Chick-fil-A has previously faced criticism and boycotts for its donations to anti-LGBTQ groups and CEO Dan Cathys public comments opposing gay marriage. The chain is famously closed on Sunday for religious reasons.
Video: Chick-fil-A dropped from another airport
Chick-fil-A Loses Buffalo Airport Deal Because of Anti-LGBTQ Donations
New York State Assemblyman Sean Ryan tweeted Thursday that he was disappointed in the Niagara Frontier Transportation Authoritys decision to put a Chick-fil-A at Buffalo Niagara International Airport.
Civil rights official cautions NFTA about Chick-Fil-A and airport
Just a day later, Ryan tweeted that he spoke with the food courts vendor, who told him that Chick-fil-A would no longer be a part of the project.
“We hope in the future the NFTA will make every effort to contract with businesses that adhere to anti-discriminatory policies, and were confident another vendor who better represents the values of the Western New York community will replace Chick-fil-A as part of this project in the very near future,” he said.
Plans scrapped for Buffalo airport Chick-Fil-A
In San Antonio a week earlier, the City Council voted 6-4 to remove Chick-fil-A from its seven-year concession plan for one of San Antonio International Airports terminals. The day before the vote, ThinkProgress reported that the private companys foundation had donated more than $1.8 million to three anti-LGBTQ organizations, including the Salvation Army, according to its 2017 tax filings.
Chick-fil-A banned from a second airport in the US
While City Council member Roberto Trevino said in a statement after the vote that he opposed including Chick-fil-A because of its discriminatory behavior, the San Antonio Express-News reported that Mayor Ron Nirenberg argued against including the chain because it would lose revenue on Sundays.
Republican Texas Attorney General Ken Paxton has opened an investigation into San Antonios decision to exclude the restaurant on the grounds of religious freedom.
“Recent coverage about Chick-fil-A continues to drive an inaccurate narrative about our brand,” Chick-fil-A said in a statement. “We want to make it clear that our sole focus is on providing delicious food and welcoming everyone. We do not have a political or social agenda.”
show chapters Why chicken nuggets aren't as popular as they used to be 5:10 PM ET Mon, 18 March 2019 | 10:22
Data is a real-time snapshot *Data is delayed at least 15 minutes. Global Business and Financial News, Stock Quotes, and Market Data and Analysis.
Share Share Chick-fil-A Dropped From Second Airport Over Support for Anti-LGBTQ Groups tweet share Pocket Flipboard Email Alex Wong/Getty For the second time in two weeks, conservative-leaning chain Chick-fil-A has been blocked from opening a new restaurant in an airport. According to New York State Assemblyman Sean Ryan, plans to open a Chick-fil-A in the food court of the Buffalo Niagara International Airport have been scrapped because of the chains history of donating to groups with anti-LGBTQ agendas. Last week, a similar decision was made regarding a proposed location at the San Antonio International Airport.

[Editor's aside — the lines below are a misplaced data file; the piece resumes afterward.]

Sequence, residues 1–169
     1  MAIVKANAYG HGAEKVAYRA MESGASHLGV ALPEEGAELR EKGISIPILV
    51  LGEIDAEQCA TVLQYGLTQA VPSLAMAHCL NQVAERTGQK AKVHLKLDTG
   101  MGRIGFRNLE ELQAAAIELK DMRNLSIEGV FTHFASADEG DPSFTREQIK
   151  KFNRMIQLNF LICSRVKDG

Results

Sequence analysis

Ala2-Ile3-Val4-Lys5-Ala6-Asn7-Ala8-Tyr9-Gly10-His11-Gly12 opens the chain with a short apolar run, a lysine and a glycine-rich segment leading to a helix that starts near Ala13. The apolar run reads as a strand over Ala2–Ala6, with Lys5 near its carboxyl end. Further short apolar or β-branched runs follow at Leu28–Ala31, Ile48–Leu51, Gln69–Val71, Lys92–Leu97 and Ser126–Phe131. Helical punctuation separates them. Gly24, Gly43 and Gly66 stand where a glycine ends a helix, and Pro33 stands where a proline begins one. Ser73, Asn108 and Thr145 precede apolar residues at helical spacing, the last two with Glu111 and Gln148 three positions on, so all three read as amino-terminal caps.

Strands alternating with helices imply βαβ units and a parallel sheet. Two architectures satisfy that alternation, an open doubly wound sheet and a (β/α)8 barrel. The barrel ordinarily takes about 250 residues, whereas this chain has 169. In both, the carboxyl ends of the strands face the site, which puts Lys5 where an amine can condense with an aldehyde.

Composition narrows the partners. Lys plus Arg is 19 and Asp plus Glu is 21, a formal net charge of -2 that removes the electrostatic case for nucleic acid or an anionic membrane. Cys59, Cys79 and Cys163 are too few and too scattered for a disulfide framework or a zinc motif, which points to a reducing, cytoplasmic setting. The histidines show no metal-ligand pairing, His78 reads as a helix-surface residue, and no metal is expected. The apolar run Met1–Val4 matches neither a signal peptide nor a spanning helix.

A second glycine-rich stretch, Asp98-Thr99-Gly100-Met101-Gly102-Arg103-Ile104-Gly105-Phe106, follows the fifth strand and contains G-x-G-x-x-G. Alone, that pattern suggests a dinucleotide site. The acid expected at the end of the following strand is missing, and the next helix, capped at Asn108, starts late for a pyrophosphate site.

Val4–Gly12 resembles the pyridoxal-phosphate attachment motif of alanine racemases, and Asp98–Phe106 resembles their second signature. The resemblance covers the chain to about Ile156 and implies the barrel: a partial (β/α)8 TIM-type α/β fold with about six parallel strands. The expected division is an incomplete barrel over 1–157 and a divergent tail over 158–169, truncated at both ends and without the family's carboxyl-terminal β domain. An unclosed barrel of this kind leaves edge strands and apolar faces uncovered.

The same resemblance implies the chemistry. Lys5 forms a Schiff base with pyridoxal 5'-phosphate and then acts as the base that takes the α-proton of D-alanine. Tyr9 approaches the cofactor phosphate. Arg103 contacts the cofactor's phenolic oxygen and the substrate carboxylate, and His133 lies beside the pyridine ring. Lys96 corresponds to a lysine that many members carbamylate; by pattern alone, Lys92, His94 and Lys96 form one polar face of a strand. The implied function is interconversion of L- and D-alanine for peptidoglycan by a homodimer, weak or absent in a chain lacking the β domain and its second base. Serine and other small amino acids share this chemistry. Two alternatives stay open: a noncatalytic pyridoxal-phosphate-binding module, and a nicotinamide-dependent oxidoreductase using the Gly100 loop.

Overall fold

Last Thursday, Ryan tweeted a statement condemning the decision by Niagara Frontier Transportation Authority and Delaware North to bring Chick-fil-A to the airport, and now it seems that the management has disinvited the chain from opening in the food court. A publicly financed facility like the Buffalo Niagara International Airport is not the appropriate venue for a Chick-fil-A restaurant, Ryan said in a statement. I applaud the decision that has been made to remove Chick-fil-A from the plans for this project.
Chick-fil-A has a long and well-documented history of donating money to anti-LGBTQ groups. The chain faced backlash seven years ago when news broke that the companys charitable endeavor WinShape Foundation donated millions of dollars to groups with with anti-LGBTQ agendas. And just last week, ThinkProgress reported that Chick-fil-A gave $1.65 million in 2017 to the Fellowship of Christian Athletes, a group with a sexual purity policy for its employees banning homosexual acts. The chain also made smaller donations to a Christian residential home that has a history of opposing gay marriage, and the Salvation Army, an organization that has been accused of LGBTQ discrimination in the past.
Recent coverage about Chick-fil-A continues to drive an inaccurate narrative about our brand. We do not have a political or social agenda or discriminate against any group. More than 145,000 people from different backgrounds and beliefs represent the Chick-fil-A brand. We embrace all people, regardless of religion, race, gender, ethnicity, sexual orientation or gender identity.
Of course, the groups donations to organizations with explicitly anti-LGBTQ agendas tell a different story. Stay tuned for any updates on the Chick-fil-A airport fallout as they become available.
• Chick-Fil-A wont be taking orders at Buffalo airport [USA Today]• Chick-fil-A scrapped at Buffalo Niagara International Airport [Springfield News-Sun]• Chick-Fil-A no longer in the plans for Buffalo airport [WGRZ]• Chick-fil-A Loses San Antonio Airport Deal Over Donations to Anti-LGBTQ Groups [E]
Canceling a Bad Man Is Just the Beginning What the curious case of Paul Qui tells us about how the restaurant industry should handle accused chefs The Most Comfortable Shoes, According to One Restaurant Professional Most people who spend all day standing up know a thing or two about good sole support When You See a Stranger Being Creepy in a Bar, the Worst Thing You Can Do Is Nothing Advice from a bartender on how to make bars a safe space for workers and guests Eater.com The freshest news from the food world every day